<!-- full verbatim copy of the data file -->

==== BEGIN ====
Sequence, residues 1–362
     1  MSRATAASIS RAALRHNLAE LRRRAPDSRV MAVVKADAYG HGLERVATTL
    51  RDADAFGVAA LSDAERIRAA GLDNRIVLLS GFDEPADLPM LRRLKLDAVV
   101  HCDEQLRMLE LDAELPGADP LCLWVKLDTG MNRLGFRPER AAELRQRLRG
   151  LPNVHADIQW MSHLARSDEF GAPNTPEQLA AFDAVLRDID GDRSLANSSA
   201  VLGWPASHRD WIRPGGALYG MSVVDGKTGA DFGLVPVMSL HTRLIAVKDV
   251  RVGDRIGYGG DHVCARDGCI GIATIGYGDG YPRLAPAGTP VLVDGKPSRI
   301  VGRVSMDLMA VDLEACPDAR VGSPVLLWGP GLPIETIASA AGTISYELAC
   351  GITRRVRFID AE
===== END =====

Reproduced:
Sequence, residues 1–362
     1  MSRATAASIS RAALRHNLAE LRRRAPDSRV MAVVKADAYG HGLERVATTL
    51  RDADAFGVAA LSDAERIRAA GLDNRIVLLS GFDEPADLPM LRRLKLDAVV
   101  HCDEQLRMLE LDAELPGADP LCLWVKLDTG MNRLGFRPER AAELRQRLRG
   151  LPNVHADIQW MSHLARSDEF GAPNTPEQLA AFDAVLRDID GDRSLANSSA
   201  VLGWPASHRD WIRPGGALYG MSVVDGKTGA DFGLVPVMSL HTRLIAVKDV
   251  RVGDRIGYGG DHVCARDGCI GIATIGYGDG YPRLAPAGTP VLVDGKPSRI
   301  VGRVSMDLMA VDLEACPDAR VGSPVLLWGP GLPIETIASA AGTISYELAC
   351  GITRRVRFID AE